New local business brings boat rentals back to Lake Guelph

A new boat rental business was due to launch in the Lake Guelph Conservation Area in early May, but pandemic restrictions delayed the opening.

And yet, without the pandemic, the new business might not open at all.

“It definitely grew out of the pandemic,” says Curtis James, co-owner of Guelph Outdoor Adventures.

The Grand River Conservation Authority, which operates Lake Guelph Park, did not handle boat rentals last year due to pressures associated with COVID-19, but this year the organization sought an outside supplier to provide the service.

“They were looking for a third party and we came at the right time,” says James.

For boat rentals on Lake Guelph, Guelph Outdoor Adventures partners with Grand River Rafting, a Paris, Ontario-based company that organizes various paddling experiences on the Grand River.

Grand River Rafting already had a relationship with the conservation authority, offering canoe, kayak and stand-up paddle board (SUP) rentals in the GRCA’s Brant Conservation Area, so it made sense to team up with the company to offer a similar business at Lake Guelph, says James.

“We have a fleet of around 45 boats,” he says, adding, “we could bring in more boats if we have more demand.”

These boats include canoes, kayaks, SUPs, tandem kayaks and “yaks” – described by James as a two-person inflatable kayak.

There’s also a craft that James calls “the beast,” which is an eight-person paddle board.

“They’re very popular because a whole family can hang out together,” he says.

There will be two of these “beasts” available for hourly rental when the business starts up in Guelph Lake. Other boats will be available for hire by the hour or day, with rentals on a first-come, first-served basis from Lake Guelph’s main beach in the conservation area.

James had hoped to be able to open the business in early May, believing it would be permitted under provincial pandemic restrictions as an outdoor recreational activity where physical distancing could be maintained.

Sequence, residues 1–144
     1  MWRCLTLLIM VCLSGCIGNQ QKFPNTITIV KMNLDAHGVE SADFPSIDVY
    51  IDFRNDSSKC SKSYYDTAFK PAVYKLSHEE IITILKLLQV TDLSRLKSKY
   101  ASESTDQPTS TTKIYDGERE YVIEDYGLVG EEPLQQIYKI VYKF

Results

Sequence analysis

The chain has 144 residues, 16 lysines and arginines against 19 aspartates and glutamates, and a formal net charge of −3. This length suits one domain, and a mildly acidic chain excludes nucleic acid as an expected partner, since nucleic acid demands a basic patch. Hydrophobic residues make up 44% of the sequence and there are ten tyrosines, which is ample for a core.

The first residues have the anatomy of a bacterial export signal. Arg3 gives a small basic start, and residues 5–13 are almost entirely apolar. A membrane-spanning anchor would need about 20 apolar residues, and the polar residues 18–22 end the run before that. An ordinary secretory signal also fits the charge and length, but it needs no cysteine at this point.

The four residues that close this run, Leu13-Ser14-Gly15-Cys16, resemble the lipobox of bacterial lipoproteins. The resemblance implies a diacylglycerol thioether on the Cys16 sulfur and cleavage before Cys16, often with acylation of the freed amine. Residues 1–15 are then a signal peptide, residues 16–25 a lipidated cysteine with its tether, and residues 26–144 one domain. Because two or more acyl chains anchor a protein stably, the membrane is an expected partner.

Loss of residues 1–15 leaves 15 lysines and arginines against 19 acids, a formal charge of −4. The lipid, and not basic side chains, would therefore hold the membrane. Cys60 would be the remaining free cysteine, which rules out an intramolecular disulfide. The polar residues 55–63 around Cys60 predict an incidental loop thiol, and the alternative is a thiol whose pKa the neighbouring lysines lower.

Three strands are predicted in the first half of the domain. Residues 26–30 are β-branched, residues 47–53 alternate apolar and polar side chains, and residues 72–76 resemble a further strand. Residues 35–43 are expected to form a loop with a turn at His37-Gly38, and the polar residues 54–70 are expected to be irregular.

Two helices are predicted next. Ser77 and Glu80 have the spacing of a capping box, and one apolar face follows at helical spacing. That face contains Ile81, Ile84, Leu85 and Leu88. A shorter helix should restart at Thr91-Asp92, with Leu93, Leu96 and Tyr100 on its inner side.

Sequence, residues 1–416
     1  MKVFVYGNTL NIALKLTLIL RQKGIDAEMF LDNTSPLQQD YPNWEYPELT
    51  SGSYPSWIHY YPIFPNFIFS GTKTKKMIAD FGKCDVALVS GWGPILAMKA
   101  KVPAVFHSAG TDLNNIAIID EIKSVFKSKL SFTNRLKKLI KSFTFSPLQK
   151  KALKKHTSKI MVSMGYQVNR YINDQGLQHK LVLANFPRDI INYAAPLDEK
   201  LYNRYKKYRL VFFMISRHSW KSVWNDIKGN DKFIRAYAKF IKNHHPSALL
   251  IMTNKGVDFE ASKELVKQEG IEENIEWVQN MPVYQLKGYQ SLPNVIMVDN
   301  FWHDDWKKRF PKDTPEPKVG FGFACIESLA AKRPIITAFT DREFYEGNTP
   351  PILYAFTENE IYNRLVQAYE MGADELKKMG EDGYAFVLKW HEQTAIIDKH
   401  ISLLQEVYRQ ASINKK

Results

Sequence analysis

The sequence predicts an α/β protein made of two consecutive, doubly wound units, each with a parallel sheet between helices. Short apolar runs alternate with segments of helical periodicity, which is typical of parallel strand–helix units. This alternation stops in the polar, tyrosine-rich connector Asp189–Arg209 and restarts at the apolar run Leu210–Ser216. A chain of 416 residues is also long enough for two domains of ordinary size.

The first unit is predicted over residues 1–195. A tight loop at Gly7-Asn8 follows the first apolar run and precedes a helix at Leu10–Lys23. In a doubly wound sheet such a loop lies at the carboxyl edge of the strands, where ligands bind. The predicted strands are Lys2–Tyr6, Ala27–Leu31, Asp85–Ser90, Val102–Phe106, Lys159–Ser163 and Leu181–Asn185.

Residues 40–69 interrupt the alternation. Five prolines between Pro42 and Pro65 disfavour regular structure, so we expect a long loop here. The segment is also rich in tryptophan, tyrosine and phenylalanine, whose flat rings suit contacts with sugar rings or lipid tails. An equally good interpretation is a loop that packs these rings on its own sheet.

“Most of our boats, it’s one person per boat,” he said.

But the conservation authority decided to err on the side of caution.

The GRCA has asked the business not to open until the province moves into Stage 1 of its three-phase reopening plan, GRCA Strategic Communications Supervisor Cam Linwood said in a statement. email to the Mercury Tribune.

“This decision was made in support of provincial and local public health guidelines focused on reducing the spread of COVID-19,” Linwood said.

Ontario was due to enter Stage 1 by June 14, but there are reports that that date could be earlier, based on advice from the province’s chief medical officer of health.

Lake Guelph and other GRCA parks opened earlier this year, but with capacity limits and with concessions and some activities unavailable due to the pandemic.

The earlier opening was touted by the conservation authority as an effort to support people’s mental health and wellbeing by giving them more opportunities to get outside.

That’s exactly what James said he hoped to do with the boat rental business.

He noted the mental health importance of exercise and even simple opportunities to get out of the house and enjoy nature.

“It’s a good space for a healthy mindset,” he said. “People need to start having fun now.”

For updates on the opening of business, visit

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